Life was clear-cut in Biblical times. If you didn’t have a baby, it was because you couldn’t conceive or couldn’t carry a pregnancy to term. None of the husbands said, “I don’t want to have kids.” Maybe they thought it, but they wouldn’t dare say it. Couples needed children to help with the work and to carry on the family to future generations. Some poor woman on her 15th pregnancy might have wished for a condom, but we don’t hear about that.
I recently happened upon a website that lists all the women in the Bible who suffered from infertility. It’s important to note that all of these women eventually gave birth: “And she conceived and bare a son.”
We’ve got Sarah, wife of Abraham and mother of Isaac; Rebekah, wife of Isaac and mother of Jacob and Esau; Rachel, wife of Jacob, mother of Joseph and Benjamin; Manoah’s wife, the mother of Samson; Hannah, wife of Elkanah, mother of Samuel; Elizabeth, wife of Zacharias and mother of John the Baptist, and a Shunammite Woman, whose husband and son are unnamed.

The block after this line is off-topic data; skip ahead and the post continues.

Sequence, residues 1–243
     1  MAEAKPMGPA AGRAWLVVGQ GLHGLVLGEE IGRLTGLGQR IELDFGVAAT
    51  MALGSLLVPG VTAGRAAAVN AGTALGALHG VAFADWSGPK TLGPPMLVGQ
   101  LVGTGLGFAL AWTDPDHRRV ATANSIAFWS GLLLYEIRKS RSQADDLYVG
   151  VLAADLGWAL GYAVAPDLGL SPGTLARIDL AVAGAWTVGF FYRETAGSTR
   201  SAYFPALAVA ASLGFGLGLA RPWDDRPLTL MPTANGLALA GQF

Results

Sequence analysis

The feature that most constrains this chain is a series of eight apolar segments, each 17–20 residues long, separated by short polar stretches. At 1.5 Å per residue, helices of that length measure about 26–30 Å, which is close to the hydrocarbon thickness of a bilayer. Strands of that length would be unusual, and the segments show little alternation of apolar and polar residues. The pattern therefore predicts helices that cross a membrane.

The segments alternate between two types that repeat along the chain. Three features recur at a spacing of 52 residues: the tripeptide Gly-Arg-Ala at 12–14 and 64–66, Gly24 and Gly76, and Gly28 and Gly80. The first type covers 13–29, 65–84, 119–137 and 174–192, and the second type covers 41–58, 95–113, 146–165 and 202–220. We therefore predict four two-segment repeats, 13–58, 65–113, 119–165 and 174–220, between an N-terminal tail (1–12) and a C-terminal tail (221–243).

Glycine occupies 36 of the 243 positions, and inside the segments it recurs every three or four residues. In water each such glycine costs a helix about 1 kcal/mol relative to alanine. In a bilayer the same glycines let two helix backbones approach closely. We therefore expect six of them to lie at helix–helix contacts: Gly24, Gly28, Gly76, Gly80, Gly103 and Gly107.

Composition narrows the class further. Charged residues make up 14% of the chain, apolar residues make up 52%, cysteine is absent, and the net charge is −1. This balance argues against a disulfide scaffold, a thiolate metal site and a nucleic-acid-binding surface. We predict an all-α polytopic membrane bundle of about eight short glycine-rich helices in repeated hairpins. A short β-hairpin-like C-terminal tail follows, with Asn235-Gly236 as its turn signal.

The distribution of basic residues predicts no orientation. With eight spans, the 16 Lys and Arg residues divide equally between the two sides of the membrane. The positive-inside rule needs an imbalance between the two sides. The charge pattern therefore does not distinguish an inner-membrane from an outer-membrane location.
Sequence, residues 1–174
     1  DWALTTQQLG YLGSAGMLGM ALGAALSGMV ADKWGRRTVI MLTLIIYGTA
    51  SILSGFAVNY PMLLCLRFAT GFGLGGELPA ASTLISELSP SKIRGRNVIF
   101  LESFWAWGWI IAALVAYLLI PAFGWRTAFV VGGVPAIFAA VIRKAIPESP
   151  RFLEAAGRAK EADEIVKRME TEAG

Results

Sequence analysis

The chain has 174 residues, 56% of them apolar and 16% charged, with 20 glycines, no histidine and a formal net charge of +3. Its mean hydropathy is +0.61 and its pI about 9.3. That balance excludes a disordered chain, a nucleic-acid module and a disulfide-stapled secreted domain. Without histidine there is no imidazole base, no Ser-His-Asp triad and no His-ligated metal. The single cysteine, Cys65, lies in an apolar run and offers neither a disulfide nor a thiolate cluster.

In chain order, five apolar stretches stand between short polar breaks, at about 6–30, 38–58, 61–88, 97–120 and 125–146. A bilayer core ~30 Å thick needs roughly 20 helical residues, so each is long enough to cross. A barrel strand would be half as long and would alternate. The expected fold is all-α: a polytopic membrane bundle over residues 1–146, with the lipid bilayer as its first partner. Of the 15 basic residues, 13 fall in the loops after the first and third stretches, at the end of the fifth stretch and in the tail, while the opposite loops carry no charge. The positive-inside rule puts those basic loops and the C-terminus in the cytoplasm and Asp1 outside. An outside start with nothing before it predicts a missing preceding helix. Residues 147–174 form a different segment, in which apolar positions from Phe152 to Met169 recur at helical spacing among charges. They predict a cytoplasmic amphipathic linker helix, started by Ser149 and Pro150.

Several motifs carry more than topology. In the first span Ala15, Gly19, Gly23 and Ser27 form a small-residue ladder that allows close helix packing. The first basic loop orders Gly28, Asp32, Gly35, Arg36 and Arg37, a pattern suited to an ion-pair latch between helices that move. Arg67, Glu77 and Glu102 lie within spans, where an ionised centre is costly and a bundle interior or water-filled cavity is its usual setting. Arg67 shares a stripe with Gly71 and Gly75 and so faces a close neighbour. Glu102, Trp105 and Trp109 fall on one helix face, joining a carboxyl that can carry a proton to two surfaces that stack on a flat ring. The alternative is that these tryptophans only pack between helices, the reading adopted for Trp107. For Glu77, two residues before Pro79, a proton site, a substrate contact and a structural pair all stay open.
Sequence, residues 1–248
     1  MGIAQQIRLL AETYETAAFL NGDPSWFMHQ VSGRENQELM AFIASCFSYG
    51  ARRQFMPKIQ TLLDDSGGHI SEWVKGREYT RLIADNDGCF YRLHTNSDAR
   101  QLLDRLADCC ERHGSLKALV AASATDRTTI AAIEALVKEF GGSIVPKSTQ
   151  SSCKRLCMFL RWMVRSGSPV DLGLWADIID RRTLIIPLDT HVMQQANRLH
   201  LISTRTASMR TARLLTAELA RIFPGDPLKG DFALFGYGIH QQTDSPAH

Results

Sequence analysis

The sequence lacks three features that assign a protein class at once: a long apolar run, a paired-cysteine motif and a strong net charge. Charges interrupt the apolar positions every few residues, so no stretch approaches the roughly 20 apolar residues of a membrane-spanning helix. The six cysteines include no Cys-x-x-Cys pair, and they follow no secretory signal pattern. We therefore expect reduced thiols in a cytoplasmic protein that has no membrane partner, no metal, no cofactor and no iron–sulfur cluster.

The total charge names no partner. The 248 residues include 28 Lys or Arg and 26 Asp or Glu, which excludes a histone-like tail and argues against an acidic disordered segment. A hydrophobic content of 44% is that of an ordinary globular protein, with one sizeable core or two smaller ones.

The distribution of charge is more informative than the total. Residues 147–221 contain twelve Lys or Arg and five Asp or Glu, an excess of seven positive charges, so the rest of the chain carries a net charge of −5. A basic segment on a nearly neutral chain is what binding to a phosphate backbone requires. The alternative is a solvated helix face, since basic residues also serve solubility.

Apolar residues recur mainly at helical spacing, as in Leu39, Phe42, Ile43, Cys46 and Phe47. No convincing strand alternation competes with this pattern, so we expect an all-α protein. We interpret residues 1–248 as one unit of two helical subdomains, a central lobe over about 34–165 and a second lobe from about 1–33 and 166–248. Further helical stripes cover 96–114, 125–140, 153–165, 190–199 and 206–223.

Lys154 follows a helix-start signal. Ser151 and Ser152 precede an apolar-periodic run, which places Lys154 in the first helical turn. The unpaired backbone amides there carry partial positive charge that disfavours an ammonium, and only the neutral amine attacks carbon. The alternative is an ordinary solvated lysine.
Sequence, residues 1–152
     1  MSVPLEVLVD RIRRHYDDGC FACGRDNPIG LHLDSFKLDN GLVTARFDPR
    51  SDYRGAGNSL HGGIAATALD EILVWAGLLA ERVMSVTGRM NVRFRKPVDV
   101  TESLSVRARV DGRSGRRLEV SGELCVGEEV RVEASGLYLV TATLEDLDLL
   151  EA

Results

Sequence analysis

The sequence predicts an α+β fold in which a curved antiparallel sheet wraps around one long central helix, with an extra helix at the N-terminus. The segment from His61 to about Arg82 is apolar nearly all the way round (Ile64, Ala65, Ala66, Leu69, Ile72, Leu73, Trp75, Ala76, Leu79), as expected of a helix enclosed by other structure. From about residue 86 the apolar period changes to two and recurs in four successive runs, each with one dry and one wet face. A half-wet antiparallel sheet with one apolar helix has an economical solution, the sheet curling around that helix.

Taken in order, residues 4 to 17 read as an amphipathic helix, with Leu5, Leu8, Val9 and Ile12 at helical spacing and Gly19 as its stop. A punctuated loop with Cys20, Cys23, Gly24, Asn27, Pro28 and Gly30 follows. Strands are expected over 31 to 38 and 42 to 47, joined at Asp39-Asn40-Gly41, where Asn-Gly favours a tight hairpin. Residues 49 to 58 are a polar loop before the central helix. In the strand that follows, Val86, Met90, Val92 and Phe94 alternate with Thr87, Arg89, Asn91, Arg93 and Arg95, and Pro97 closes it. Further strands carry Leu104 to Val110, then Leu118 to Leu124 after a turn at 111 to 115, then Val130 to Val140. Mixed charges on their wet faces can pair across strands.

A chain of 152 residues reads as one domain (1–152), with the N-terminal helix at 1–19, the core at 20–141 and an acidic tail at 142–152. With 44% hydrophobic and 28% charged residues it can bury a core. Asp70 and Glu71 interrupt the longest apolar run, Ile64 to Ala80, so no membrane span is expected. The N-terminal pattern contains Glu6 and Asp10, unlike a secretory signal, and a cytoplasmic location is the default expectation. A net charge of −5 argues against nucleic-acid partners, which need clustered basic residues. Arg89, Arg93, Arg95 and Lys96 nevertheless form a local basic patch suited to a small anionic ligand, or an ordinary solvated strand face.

We also read about St. Anne, patroness saint for childless people, who conceived the Virgin Mary in her old age. And, at another site, we read about this prophetess who was unable to conceive for a long time, but eventually became a mother of six “through devoted prayer to God.”
I would love for the Bible to tell us about women who were never able to conceive or whose husbands refused to give them children. There must have been some, but we don’t read about them in the Bible. The choices were much clearer in those days. If you could have children, you did. If you couldn’t, you prayed for divine intervention.
The issues are much more complicated now, but I suspect prayer wouldn’t hurt. If nothing else, pray for clarity and peace. Run through the Serenity Prayer. If you’re not religious . . . well, I welcome your suggestions.